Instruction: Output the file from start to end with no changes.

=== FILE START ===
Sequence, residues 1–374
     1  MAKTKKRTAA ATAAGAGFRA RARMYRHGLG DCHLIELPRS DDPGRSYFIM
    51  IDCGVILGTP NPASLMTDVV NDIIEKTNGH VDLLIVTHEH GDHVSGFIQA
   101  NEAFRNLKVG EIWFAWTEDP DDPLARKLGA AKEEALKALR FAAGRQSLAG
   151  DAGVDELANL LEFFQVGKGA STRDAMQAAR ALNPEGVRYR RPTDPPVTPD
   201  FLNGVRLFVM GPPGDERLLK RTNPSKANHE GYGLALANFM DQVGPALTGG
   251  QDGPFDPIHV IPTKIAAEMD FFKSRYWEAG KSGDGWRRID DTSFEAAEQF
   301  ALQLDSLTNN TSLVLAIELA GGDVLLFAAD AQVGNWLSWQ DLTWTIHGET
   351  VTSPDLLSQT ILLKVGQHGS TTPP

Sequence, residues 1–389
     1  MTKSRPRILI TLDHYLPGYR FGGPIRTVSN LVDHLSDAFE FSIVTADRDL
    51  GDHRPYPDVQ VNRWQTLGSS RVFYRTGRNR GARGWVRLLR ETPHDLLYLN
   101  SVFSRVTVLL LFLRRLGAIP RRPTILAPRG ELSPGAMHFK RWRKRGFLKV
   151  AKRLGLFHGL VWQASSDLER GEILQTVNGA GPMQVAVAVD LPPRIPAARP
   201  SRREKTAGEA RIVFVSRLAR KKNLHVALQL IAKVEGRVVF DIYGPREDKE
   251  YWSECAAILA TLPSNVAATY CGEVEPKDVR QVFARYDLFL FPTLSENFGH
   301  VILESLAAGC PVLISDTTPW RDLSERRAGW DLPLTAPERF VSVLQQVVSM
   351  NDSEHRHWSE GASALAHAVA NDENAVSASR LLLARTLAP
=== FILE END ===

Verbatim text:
Sequence, residues 1–374
     1  MAKTKKRTAA ATAAGAGFRA RARMYRHGLG DCHLIELPRS DDPGRSYFIM
    51  IDCGVILGTP NPASLMTDVV NDIIEKTNGH VDLLIVTHEH GDHVSGFIQA
   101  NEAFRNLKVG EIWFAWTEDP DDPLARKLGA AKEEALKALR FAAGRQSLAG
   151  DAGVDELANL LEFFQVGKGA STRDAMQAAR ALNPEGVRYR RPTDPPVTPD
   201  FLNGVRLFVM GPPGDERLLK RTNPSKANHE GYGLALANFM DQVGPALTGG
   251  QDGPFDPIHV IPTKIAAEMD FFKSRYWEAG KSGDGWRRID DTSFEAAEQF
   301  ALQLDSLTNN TSLVLAIELA GGDVLLFAAD AQVGNWLSWQ DLTWTIHGET
   351  VTSPDLLSQT ILLKVGQHGS TTPP

Sequence, residues 1–389
     1  MTKSRPRILI TLDHYLPGYR FGGPIRTVSN LVDHLSDAFE FSIVTADRDL
    51  GDHRPYPDVQ VNRWQTLGSS RVFYRTGRNR GARGWVRLLR ETPHDLLYLN
   101  SVFSRVTVLL LFLRRLGAIP RRPTILAPRG ELSPGAMHFK RWRKRGFLKV
   151  AKRLGLFHGL VWQASSDLER GEILQTVNGA GPMQVAVAVD LPPRIPAARP
   201  SRREKTAGEA RIVFVSRLAR KKNLHVALQL IAKVEGRVVF DIYGPREDKE
   251  YWSECAAILA TLPSNVAATY CGEVEPKDVR QVFARYDLFL FPTLSENFGH
   301  VILESLAAGC PVLISDTTPW RDLSERRAGW DLPLTAPERF VSVLQQVVSM
   351  NDSEHRHWSE GASALAHAVA NDENAVSASR LLLARTLAP